The prestigious Yale School of Management will name its deanship in honour of PepsiCo’s India-born CEO Indra Nooyi as she gifted an undisclosed amount to her alma mater, becoming its biggest alumni donor and the first woman to endow a deanship at a top b-school.
Yale did not disclose the amount gifted by Nooyi but said her “landmark gift” to endow the deanship of the school and inaugurate an innovation fund has made her the “most generous graduate” of Yale School of Management in terms of lifetime giving to the school.
60-year-old Nooyi is also the first woman to endow the deanship at a top business school, the school said in a statement yesterday.
The PepsiCo chairman, who graduated from the school in 1980, credited her experience at the school for “forever” altering “the course of my life” and said her gift “pales in comparison with the gift that Yale gave me the fundamental understanding that leadership requires an expansive worldview and a deep appreciation of the many points of intersection between business and society.”
“Business issues are never just business issues, and my most ardent hope is that this endowment will teach future generations of leaders that the most successful companies of tomorrow will do more than make money,” she said in a statement.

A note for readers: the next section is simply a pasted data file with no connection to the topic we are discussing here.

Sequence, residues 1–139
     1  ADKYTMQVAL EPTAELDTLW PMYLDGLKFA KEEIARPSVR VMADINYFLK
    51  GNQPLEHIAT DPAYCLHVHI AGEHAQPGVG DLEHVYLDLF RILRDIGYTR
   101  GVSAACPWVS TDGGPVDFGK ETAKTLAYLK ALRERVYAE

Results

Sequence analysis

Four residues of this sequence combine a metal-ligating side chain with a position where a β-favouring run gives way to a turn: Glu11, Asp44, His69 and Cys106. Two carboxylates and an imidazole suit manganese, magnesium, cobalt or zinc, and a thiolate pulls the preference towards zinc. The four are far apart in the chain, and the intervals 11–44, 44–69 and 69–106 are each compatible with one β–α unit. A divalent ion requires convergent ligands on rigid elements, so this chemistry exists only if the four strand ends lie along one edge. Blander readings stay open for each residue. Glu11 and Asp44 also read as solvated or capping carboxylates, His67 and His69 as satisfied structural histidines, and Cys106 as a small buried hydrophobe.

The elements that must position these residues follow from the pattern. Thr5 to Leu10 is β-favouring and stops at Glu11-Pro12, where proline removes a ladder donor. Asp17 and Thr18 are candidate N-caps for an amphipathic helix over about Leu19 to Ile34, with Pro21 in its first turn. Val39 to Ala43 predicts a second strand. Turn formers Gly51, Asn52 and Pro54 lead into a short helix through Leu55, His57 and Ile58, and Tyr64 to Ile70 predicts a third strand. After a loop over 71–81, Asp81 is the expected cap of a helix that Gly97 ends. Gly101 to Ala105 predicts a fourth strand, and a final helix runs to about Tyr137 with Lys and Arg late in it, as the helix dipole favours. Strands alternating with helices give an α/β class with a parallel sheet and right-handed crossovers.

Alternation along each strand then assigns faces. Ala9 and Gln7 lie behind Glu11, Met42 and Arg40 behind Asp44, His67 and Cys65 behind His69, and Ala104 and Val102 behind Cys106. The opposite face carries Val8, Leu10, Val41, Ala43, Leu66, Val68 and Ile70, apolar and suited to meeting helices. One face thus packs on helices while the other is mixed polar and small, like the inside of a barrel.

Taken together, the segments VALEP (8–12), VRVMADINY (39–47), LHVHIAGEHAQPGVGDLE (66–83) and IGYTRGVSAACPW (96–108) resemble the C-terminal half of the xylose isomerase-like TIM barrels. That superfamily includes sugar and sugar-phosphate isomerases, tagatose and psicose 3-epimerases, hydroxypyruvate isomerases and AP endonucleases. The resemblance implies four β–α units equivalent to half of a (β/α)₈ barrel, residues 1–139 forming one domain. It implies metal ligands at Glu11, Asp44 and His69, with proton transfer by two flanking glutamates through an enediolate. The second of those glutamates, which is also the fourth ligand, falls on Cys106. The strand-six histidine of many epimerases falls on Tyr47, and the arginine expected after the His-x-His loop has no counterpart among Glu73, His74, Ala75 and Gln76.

“They will make a difference and create shareholder value by improving the quality of life in every market in which they operate,” she said.
Nooyi joins several prominent persons of Indian-origin who have donated generously to US universities.
In October last year, Nooyi’s sister and Grammy-nominated musician Chandrika Tandon and her husband Ranjan had made a 100 million dollar gift to the New York University’s School of Engineering, one of the largest philanthropic gifts by a member of the Indian-American community.
In 2010, Harvard Business School had received a gift of USD 50 million from Tata Companies.
Industrialist Ratan Tata had attended the School’s Advanced Management Programme in 1975.
The gift will also be used to inaugurate the Fifth Decade Innovation Fund, which is named in recognition of the fact that the school is entering its fifth decade; the first class entered the Yale School of Management in 1976.
The fund is an ambitious initiative designed to advance the school’s aim of developing leaders with the broad global mindset and multi-disciplinary approach to business that is needed to succeed in 21st-century capitalism.
It will be open to additional substantial contributions that can help the school develop the technology and other infrastructure to support these and future initiatives.